It’s never a good thing when a Democrat leaning news source compares Obama to Carter, even if the two writers, Bob King and Darren Goode, work hard to say ” hey, no, he’s really not the same as Carter. No No No!” Just the very fact that the comparison is brought up seals the comparison. They even have a handy dandy cartoon with the two presidents
(The Politico) Not since the era of roller disco, Ford Pintos and “Welcome Back, Kotter” has a Democratic president faced the political fallout of soaring gasoline prices.
On the surface, at least, President Barack Obama seems to be doing all he can to avoid following the cardigan-clad example of Jimmy Carter.
Obama hasn’t gone on television with a Mr. Rogers sweater, telling everyone to turn down their thermostats in winter. But he has gone on the populist attack — denouncing oil industry tax breaks and lampooning Republicans’ “bumper sticker” solutions while raising their ire by borrowing their “all of the above” energy mantra.
On substance, though, the two presidents’ approaches bear many similarities: Both embrace conservation — including, in Obama’s case, a drive for energy-efficient buildings and higher vehicle fuel efficiency standards. Both talk up wind and solar power. And both lean heavily on the Energy Department — an agency Carter created and on which Obama has relied to promote the green technologies that he says will bring future jobs and prosperity.
The article points out that the comparison might be rather unfair, because Carter at least promoted coal and nuclear power. The Obama administration is killing coal plants, and keeping the process for new nuclear plants as slow as possible. 160 coal plants have closed since 2010. Supposedly, the power loss is magically going to appear. Which might make sense if energy costs weren’t going up again and again.
Like Carter, though, Obama hasn’t greenlighted the exploration of domestic oil. Granted, in all honesty, neither Nixon nor Ford did, either. They didn’t see the coming problem, and, in double honesty, Carter was, to some degree, a victim of circumstances. So was Bush 43, and Obama. Sh*t happens. But, when the fan gets fouled, it’s how an administration responds that matters. Carter’s response was his malaise and sweater speech. Obama’s is to talk about algae and other energy helping sometime in the future. And talking. And talking. But, taking no significant steps that matter.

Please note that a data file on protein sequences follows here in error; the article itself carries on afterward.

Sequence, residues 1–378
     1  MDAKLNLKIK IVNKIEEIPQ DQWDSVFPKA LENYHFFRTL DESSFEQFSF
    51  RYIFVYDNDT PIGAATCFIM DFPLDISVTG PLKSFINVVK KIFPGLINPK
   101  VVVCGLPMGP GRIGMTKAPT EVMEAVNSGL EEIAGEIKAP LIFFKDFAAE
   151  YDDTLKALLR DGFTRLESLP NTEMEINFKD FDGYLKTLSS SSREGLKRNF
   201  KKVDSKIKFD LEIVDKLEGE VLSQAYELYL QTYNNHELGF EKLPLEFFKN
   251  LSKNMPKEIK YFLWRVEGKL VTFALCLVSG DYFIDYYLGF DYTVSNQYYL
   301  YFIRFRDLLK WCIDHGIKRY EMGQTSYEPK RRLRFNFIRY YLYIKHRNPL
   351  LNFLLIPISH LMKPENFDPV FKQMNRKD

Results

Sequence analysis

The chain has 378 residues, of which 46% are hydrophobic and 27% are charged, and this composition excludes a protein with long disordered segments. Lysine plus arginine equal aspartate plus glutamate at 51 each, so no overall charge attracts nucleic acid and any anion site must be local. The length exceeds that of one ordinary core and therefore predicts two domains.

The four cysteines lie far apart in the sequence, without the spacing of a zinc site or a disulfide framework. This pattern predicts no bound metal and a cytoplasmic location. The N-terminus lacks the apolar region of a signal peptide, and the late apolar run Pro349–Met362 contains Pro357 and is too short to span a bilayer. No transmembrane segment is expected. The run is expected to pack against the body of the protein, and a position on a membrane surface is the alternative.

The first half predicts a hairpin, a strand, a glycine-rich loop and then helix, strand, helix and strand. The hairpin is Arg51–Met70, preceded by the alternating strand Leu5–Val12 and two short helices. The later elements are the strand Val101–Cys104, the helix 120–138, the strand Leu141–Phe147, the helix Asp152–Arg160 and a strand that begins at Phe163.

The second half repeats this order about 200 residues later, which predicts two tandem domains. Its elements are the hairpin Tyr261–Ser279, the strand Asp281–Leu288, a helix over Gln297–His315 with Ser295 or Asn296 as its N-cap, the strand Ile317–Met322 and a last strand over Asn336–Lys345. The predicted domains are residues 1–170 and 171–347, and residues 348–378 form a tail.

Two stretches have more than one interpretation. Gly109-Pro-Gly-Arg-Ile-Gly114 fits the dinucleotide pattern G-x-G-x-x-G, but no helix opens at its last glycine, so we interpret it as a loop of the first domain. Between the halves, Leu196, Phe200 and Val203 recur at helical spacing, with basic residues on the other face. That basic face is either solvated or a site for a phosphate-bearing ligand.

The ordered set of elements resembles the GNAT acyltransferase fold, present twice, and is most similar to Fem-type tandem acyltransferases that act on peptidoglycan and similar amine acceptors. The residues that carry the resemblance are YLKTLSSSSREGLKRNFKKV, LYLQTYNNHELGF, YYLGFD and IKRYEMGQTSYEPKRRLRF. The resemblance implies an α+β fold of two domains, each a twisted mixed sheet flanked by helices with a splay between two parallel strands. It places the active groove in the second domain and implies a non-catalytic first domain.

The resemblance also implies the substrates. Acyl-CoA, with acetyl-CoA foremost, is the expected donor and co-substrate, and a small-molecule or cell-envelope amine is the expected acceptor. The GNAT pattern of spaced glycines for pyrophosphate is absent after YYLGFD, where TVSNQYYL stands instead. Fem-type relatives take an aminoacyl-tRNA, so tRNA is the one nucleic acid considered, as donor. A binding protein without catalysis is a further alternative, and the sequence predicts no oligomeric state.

When Reagan took office, he said “we’re going to drill.” We did, and that helped for decades. Things happened along the way, things mostly out of the hands of Clinton, who saw prices spike up at the end of his 2nd term, and Bush. And Obama. Bush said “let’s drill!” and instituted as many policies he could, even as the Democrat congress tied his hands. Obama says “no drilling.”
Carter ended up owning high gas prices in many voters’ eyes — a fate Obama no doubt wants to avoid.
“When the guy who’s at the top of the food chain here can’t fix the problem, you got a lot of people that are irritated,” said Sen. Lisa Murkowski (R-Alaska), the ranking member of the Senate Energy and Natural Resources Committee who criticized Obama for not doing enough to eliminate roadblocks to energy production. “This is one where if the public doesn’t feel like he’s responded on this issue, I think he wears it.”
For once, Murkowski seems to have it right. Sadly, Obama could actually do something while pushing the future of energy. He could greenlight new oil fields and refineries, as well as nuclear plants, fast-track them, while getting concessions from Republicans for more investment in alternatives and biofuels. That’s the nature of politics, instead of the “my way or the highway…er, well, you can’t actually afford to drive on the highway, so, let’s say, nature trail” method. For both, there could be set methods to make sure drilling, refineries, and nuclear would be safe as they can be, and so there is no politically motivated waste, such as with Solyndra. Invest in projects that have a good chance of working.